Home brewing in Connecticut Discussions - CT Beer Trail

Friday, September 28, 2007


The thing I hate about brewing beer is keeping everything clean. I've read that your stuff should be nearly as clean, if not more than, as a hospital. That aint happening at my house. But I sure did give it a good try this time around.

This time around I was going to use my brand new glass carboy, so I can check in on the beer periodically and watch it grow up into a tasty liquid refresher right before my eyes. There hasn't been this sort of excitement in my life since I got that Sea Monkey kit back in the day!

I used my old plastic fermenting bucket as a cleaning basin, filling it to the 2 gallon maker with clean water and some C-Brite sanitizing solution. I believe that's suppose to be a non-rinse cleanser, but I always rinse anyway.

I always flash back to my days of working the all night shift at that crappy gas station in Willimantic, CT, otherwise know as the heroin capital of the East Coast. The manager told me to clean the coffee dispensers with comet, and she wasn't all that particular about rinsing them out... Keep that in mind the next time you help yourself to a hot cup of gas station Joe...

At any rate, I think I did a pretty good job cleaning the gear, but I wouldn't do any open heart surgeries on my kitchen counter. Especially considering that ugly yellow towel I used to dry the equipment on has been to Afghanistan, God only knows what sort of microscopic funk lives in that towel.

But I'm sure the beer will be fine, what could possibly go wrong, right?

I love to watch the water slowly turn that wonderful copper color as the Crushed Crystal Malt begins to work it's magic. The water is now gradually becoming wort, and before you know it, it'll be beer! (Well hopefully in a few weeks it will be...)

Now here's one of the steps in home brewing that I always hate. The age old problem of the watched pot... You know what they say... IT NEVER BOILS! My pot took nearly an hour to boil. Completely frustrating! I'm beginning to think I need to spring for one of those outdoors, propane brewing cooker things. Does anyone know if they're more powerful than your standard stove? I almost wonder if there is some sort of heat governor on my stove, to prevent the glass top from cracking? I couldn't find the pot's top, so I had to improvise and use an old cookie sheet on top to speed up the boiling process.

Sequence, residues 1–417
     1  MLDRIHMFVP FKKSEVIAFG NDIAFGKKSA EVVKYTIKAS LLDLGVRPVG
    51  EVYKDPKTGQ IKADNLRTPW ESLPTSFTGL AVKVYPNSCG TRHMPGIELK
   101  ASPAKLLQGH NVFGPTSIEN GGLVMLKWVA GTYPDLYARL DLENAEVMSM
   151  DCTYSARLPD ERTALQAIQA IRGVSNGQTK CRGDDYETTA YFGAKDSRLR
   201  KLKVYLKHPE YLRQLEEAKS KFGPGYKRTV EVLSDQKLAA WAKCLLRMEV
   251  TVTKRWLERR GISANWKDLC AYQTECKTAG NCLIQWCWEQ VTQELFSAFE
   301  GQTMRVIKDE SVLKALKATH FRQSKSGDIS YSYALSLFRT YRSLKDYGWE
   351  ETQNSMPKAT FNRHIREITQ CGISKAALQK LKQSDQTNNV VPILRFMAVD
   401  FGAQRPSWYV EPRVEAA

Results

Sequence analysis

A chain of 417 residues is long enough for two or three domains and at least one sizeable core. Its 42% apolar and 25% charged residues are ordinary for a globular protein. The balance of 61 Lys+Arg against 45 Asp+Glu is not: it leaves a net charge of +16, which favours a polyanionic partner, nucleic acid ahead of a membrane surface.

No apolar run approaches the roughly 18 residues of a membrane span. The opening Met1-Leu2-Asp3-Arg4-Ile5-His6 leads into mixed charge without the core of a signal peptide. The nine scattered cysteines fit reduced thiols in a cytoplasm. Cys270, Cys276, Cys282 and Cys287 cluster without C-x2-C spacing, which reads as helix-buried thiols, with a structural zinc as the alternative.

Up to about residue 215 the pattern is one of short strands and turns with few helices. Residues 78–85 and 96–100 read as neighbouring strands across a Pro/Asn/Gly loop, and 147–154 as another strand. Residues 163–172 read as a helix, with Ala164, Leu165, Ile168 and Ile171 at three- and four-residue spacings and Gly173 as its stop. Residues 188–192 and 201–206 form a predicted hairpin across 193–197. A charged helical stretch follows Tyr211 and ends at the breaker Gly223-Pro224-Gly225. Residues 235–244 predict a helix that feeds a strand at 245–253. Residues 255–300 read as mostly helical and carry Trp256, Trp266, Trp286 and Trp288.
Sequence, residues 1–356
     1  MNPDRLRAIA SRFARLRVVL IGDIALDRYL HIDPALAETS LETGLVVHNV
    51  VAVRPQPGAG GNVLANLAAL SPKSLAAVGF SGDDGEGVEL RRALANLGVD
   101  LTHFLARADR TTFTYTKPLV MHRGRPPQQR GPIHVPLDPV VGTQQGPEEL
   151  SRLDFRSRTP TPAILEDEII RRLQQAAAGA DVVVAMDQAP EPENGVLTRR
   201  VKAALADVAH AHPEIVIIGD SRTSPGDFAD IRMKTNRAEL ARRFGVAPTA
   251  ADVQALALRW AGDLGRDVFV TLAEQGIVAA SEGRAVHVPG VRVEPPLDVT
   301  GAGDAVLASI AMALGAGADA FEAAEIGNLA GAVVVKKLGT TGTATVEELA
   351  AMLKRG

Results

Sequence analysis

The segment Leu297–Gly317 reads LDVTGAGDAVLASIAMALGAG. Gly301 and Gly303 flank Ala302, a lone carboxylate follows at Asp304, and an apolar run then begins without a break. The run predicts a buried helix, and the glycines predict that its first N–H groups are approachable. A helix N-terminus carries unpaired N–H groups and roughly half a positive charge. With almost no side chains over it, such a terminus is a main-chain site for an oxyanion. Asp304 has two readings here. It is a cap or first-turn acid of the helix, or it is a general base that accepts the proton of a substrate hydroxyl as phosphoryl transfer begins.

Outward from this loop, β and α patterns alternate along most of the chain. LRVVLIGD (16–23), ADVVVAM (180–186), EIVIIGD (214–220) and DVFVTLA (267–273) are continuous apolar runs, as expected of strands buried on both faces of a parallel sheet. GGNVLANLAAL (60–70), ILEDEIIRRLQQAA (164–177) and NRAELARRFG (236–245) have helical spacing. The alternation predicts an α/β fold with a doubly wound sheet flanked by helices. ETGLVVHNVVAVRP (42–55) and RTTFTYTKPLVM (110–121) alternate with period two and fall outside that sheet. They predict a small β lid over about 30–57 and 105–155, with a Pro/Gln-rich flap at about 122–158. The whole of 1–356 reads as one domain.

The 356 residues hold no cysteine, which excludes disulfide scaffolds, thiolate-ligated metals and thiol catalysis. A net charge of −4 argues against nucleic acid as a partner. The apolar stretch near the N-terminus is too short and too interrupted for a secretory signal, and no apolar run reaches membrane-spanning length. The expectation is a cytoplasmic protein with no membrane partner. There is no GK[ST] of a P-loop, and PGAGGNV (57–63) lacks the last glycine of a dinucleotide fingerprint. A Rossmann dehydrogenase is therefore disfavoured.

The biggest challenge for me continues to be the hydrometer. But I followed some advice I got from "Camper" over at beertools.com

To get rid of the foam fill up your test tube almost to the top. Then when you place your hydrometer in the tube the wort will overflow along with the foam. I will spin the hydrometer to get rid off any bubbles that are on the hydrometer...

Try and look at the level of the wort. Sometimes you take an average reading. I have a precision hydrometer that reads from 1.000 to 1.070. This is easy to read than the ones that have a large range. - Camper

I followed "Camper's" advice and the wort did in fact overflow onto my kitchen counter. The wife loves that... It was a little easier to read. Although I'm still confused about my reading. According to the brew kit instructions, the initial gravity should have been somewhere between 1.044 and 1.048... My reading was 1.034, off by .01... But I called my local home brew supplier and he said not to worry too much about it.

He suggested sinking my hydrometer in water and take a reading. It should be 1.000 if it works properly, I guess I'll try that later this week.

At any rate, I did my best to cool the wort quickly, I really need to get one of those chillers, it cools almost as slowly as it boils! I just hope I didn't shock the yeast, I hope it was cool enough.

After the yeast was added I used my new funnel to fill the new glass carboy with my wort, and only splashed a little on the kitchen floor. The wife loves that...

Here's the thing. The new funnel has a mesh trainer built in, and the sediment ended up clogging the funnel, a big pain in the butt. I had to scoop it out as I poured the big pot of wort, not an easy thing for one man. I sure hope that sediment wasn't critical to the fermenting process, I guess I'll find out soon.

After I got the wort into the carboy, I popped on the airlock and brought the whole thing downstairs to the finished basement. It's cooler down there and the temperature is more stable. But, it was a little warm, so I aimed an old box fan at the carboy and hoped for the best...

I have more to tell you and more pictures to add, but blogger is being flaky, and I'm tired... Time to get some shut eye so my eyes stay open at work tomorrow...

More to follow...


  1. Good luck with the brew! I look forward to hearing more :-)

  2. You're gonna want to find some friends to brew with. That will definitely make your water boil faster. It's science.

    Found your blog via RSBS (Really Simple Beer Syndication).

    Good luck! Brewing rocks!

  3. Thanks for the comments guys! I've added your sites to my list of notable beer sites. Keep in touch!



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